Interpreting DAC Digital Images, Phase 1
Some artifacts of the capture process are visible in images from the first direct-capture phase of the DAC Digital Imaging Initiative. (If a link from an image page led you here, this information pertains to the image on that page.)
Most noticeable is barrel distortion visible in images of smaller objects such as the Goya prints provided for Spanish 223. Also noticeable in the Goya Caprichos is some variance in color rendition due to the imaging of selected prints early in our prototype phase, and the later imaging of the intervening prints in the series (although some variation in tone exists in the works themselves).
Other examples are the moiré effect seen in some images of engravings with highly regular line systems (e.g., the prints after Goltzius presented for Latin 202), and the glare seen along the sides of some highly glossy photographic prints. As the project progressed since these images were made, we've been developing procedures for resolving some of these issues in its current, second phase of direct capture.
In editing these images, we tried to balance faithful representation of original objects (philosophically our first priority) and legibility on screen (pragmatically crucial for obvious reasons). In some cases this led us to present digital images with somewhat more contrast than the originals they represent (e.g., in images of the American Art-Union portfolio for American Studies 114 / Art History 272).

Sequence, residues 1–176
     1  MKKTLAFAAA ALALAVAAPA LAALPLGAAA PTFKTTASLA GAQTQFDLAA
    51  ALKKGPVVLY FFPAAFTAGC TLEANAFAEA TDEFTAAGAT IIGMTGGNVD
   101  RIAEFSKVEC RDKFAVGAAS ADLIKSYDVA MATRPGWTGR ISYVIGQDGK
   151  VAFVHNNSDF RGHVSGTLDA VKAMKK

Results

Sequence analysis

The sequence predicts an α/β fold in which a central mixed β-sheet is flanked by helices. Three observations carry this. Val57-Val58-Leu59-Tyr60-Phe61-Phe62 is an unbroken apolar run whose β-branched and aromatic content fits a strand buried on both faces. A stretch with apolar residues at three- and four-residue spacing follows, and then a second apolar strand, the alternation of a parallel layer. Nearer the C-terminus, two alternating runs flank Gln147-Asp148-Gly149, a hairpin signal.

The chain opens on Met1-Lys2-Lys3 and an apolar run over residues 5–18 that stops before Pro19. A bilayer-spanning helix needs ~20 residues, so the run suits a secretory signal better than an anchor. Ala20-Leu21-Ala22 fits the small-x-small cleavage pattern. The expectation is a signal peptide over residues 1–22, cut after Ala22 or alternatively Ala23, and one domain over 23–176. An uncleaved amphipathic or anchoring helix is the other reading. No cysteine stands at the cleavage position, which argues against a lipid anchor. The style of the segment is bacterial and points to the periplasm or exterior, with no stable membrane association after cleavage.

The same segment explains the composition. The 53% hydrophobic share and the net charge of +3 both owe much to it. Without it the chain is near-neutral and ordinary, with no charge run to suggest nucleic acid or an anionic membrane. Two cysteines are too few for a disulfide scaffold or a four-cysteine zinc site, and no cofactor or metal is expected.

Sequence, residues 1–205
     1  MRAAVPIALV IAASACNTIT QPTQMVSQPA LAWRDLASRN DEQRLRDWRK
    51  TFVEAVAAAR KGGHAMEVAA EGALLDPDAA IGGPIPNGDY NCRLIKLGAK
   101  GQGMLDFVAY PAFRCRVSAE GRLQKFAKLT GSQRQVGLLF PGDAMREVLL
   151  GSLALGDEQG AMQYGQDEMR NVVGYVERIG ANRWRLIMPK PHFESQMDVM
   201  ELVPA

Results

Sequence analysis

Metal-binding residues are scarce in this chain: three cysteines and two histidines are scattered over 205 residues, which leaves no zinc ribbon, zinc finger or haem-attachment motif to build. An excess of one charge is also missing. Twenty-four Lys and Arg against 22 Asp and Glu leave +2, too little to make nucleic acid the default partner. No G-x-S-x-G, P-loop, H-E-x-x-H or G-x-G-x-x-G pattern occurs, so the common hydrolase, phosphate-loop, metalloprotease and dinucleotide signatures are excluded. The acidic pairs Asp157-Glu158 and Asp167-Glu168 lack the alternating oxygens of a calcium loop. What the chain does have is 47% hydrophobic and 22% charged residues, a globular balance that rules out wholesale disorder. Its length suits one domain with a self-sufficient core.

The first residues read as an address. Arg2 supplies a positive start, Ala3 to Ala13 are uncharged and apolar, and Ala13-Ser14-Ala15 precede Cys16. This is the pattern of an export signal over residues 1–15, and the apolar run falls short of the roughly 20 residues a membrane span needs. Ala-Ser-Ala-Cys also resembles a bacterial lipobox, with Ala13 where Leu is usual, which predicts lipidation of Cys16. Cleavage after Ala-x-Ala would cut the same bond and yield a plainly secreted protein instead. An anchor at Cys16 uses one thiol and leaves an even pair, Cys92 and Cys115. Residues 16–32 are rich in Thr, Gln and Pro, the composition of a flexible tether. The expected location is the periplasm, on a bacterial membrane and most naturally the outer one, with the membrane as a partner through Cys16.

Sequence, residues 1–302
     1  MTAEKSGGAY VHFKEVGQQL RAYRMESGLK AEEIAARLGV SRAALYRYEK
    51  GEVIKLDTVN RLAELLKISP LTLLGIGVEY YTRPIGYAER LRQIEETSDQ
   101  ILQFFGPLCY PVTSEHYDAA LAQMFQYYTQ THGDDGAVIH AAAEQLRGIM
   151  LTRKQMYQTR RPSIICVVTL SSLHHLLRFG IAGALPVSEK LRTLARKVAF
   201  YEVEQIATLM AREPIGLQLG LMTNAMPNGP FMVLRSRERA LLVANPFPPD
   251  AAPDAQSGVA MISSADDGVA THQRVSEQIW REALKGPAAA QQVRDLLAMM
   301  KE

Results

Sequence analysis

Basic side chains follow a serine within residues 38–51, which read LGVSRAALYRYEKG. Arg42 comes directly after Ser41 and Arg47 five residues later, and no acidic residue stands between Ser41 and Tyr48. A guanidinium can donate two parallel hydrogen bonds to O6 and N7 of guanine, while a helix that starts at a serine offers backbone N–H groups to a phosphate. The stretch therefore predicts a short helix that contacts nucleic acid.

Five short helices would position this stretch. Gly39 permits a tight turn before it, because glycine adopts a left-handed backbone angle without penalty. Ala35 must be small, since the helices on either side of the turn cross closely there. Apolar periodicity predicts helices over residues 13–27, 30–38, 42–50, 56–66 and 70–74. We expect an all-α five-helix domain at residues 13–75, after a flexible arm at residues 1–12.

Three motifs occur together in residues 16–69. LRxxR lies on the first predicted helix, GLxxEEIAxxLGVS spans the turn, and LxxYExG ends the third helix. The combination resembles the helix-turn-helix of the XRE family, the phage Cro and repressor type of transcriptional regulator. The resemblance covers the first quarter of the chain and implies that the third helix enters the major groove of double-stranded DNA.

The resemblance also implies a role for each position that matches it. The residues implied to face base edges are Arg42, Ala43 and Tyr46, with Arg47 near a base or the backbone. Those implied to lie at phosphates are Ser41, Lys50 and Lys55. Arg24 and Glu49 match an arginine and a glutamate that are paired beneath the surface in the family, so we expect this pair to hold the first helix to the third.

When studying these images, it's important to keep in mind that tonal rendering varies tremendously from monitor to monitor. These images were processed using a Sony CPD-200sf 17" monitor set to Macintosh gamma, and checked on a 15" Apple MultiSync monitor set to PC gamma (with darker midtones); but (1) our calibration was only approximate (lacking true colorimetric equipment), and (2) most monitors used for web browsing are wildly out of calibration.
Because of this, any interpretation of color values or tonal density in these images should be undertaken with extreme caution. More reliable are visual analyses based on observations of such things as the marks with which a printmaker created an image, broader aspects of visual design, and iconographic content. One last warning: you may wish to attend to the dimensions of the original works, in order to try to see imaginatively past the leveling effect of viewing all images at a standard size on your computer screen.